So there are bands like the Dark Star Orchestra, the Australian Pink Floyd Show, The Fab Four, Nervana, and multitudes more.

In many cases it is not enough to have a note-for-note rendition of the original band in question, but some of these tribute bands cover themselves in the clothing and the hairstyle of the individual musicians making up the bands in question.

(Of course, the Iron Maidens have a look that doesn’t duplicate the original for obvious reasons.)

We will not see the Beatles again. Not Pink Floyd or Nirvana. And while the situation with the Dead is uncertain, Jerry’s not going to be on stage.

And the music created by the originals is often so good that it exists independently of the people who made it in the first case, so it could be the case that there are several people who go to the clubs who have no idea of what’s being covered and when they leave they go home and download “Katmandu.”

Which is certainly a good thing for all concerned, be it the tribute band, the listener or, in this case, Seger.

But there was a comment that one of the people made that struck me as being odd and in some ways unsettling, a comment that was agreed to by the others in attendance: “Well, we can’t see the originals any more so this is just as good.”

Is it? Really?

Without going all Walter Benjamin and “The Work of Art in the Age of Mechanical [Digital] Reproduction,” doesn’t authenticity matter?

Continue reading To a Musician Not Dying Young

Who's First?

Pete and RogerLet’s say that Paul McCartney and Ringo Starr decided that they’d kick off 2009 with a worldwide tour, starting in Liverpool, moving on to Hamburg, then going everywhere else. Would this be a “Beatles‘ Reunion”? I don’t think so. Even though it represents 50% of the band, even though Paul was certainly as integral to the group as John Lennon was, and even though, it must be admitted, it was pretty much a toss up between George Harrison and Ringo, the two members of the band don’t constitute the band, period.

So consider the case of the band currently known as “The Who.” Which includes Pete Townshend and Roger Daltrey. Keith Moon is long passed; he hasn’t been a member of the band for 30 years. John Entwistle has been gone for six. And, arguably, The Who stopped being The Who as the members went on to do other things (including Entwistle playing in the “All Starr Band”).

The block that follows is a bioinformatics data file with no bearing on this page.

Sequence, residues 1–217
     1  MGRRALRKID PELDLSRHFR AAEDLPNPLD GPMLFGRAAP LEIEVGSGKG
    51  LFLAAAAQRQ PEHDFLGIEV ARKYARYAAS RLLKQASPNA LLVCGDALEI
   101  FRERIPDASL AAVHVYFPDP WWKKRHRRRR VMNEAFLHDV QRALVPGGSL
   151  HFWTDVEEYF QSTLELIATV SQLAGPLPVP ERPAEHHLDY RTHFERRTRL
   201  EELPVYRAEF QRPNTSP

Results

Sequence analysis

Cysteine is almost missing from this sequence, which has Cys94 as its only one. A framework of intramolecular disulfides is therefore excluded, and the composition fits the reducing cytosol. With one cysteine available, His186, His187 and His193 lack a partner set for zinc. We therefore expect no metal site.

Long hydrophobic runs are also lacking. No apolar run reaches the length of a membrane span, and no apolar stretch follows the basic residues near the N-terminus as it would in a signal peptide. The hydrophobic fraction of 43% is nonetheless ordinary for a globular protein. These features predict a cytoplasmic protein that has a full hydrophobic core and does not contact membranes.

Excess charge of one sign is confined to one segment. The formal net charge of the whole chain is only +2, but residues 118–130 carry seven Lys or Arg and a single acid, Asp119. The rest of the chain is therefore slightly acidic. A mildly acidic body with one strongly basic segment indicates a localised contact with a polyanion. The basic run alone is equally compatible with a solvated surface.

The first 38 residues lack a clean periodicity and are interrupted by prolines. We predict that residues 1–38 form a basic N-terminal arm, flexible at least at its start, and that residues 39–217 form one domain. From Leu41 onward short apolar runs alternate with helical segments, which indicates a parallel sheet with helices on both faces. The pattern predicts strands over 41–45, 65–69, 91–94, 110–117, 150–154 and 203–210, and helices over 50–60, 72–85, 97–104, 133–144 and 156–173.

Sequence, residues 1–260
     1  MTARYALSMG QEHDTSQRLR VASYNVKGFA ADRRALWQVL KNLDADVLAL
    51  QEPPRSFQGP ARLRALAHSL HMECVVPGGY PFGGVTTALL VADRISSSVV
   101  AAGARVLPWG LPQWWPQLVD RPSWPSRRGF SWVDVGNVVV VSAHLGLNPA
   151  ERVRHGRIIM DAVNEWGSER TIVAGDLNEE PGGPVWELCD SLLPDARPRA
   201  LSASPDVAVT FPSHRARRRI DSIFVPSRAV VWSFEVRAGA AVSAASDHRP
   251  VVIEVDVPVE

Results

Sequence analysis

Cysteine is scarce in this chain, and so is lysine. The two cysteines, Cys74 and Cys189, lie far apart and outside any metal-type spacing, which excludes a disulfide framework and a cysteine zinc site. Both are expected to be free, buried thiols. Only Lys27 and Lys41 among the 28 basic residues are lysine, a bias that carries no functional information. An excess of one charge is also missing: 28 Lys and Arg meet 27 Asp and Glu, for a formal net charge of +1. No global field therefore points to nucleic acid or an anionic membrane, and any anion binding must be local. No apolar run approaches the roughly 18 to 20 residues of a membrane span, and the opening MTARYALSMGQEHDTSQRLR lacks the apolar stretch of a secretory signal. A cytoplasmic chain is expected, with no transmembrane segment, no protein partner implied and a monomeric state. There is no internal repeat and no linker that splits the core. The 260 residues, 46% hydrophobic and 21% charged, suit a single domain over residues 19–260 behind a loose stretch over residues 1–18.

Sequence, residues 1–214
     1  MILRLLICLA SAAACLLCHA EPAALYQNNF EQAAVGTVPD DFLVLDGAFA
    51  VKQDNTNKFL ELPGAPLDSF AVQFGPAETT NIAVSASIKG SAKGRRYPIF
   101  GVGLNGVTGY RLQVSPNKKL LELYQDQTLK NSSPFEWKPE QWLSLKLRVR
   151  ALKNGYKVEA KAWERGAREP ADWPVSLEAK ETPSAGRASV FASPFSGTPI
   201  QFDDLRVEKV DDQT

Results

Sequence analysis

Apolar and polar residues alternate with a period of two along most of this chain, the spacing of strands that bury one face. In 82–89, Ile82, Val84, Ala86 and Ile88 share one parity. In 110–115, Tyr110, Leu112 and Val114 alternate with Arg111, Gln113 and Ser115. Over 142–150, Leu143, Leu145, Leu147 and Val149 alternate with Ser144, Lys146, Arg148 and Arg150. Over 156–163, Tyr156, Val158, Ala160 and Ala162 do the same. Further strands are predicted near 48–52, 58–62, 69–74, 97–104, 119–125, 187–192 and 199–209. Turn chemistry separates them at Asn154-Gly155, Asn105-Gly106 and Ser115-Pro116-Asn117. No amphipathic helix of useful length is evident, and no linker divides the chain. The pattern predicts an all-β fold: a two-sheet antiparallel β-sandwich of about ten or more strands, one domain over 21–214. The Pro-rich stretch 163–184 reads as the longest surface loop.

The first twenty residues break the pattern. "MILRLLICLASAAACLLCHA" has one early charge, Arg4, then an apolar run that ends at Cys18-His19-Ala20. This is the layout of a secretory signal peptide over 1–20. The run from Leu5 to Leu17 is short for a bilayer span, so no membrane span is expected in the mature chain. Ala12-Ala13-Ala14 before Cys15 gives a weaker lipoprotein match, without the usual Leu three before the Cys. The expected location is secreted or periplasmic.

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Who Are They Kidding?

“Roger Daltrey has been a world-famous star since the early 1960s when he began his career as the lead singer of The Who, and has since become one of the most popular vocalists in rock music history.” So claims a press release from CBS Entertainment, which draws attention to the fact that Daltrey is going to have a role on a forthcoming episode of CSI: Crime Scene Investigation. “World-famous star.” “Most popular vocalists in rock music history.” Well, it would be hard to disprove that, although the pneumatic praise is a little humid and musty.

“Daltrey is currently on a major worldwide tour with The Who, promoting their current album, Endless Wire,” the release notes. Here is something that can be completely disproved. When Daltrey became a “world-famous star” it was with a band consisting of four people. Two of the four are dead. Now Daltrey and one of them, the guy who wrote the song that’s used as the theme song for CSI, are out touring. That’s 50%. Which effectively makes it a duo. “The Who” does not exist, marketing notwithstanding. “The Who” is effectively a part of “rock music history.”

[To put Daltrey’s appearance on CSI in perspective, consider this: Mr. Britney Spears, Kevin Federline will be guest starring in tonight’s episode – ed.]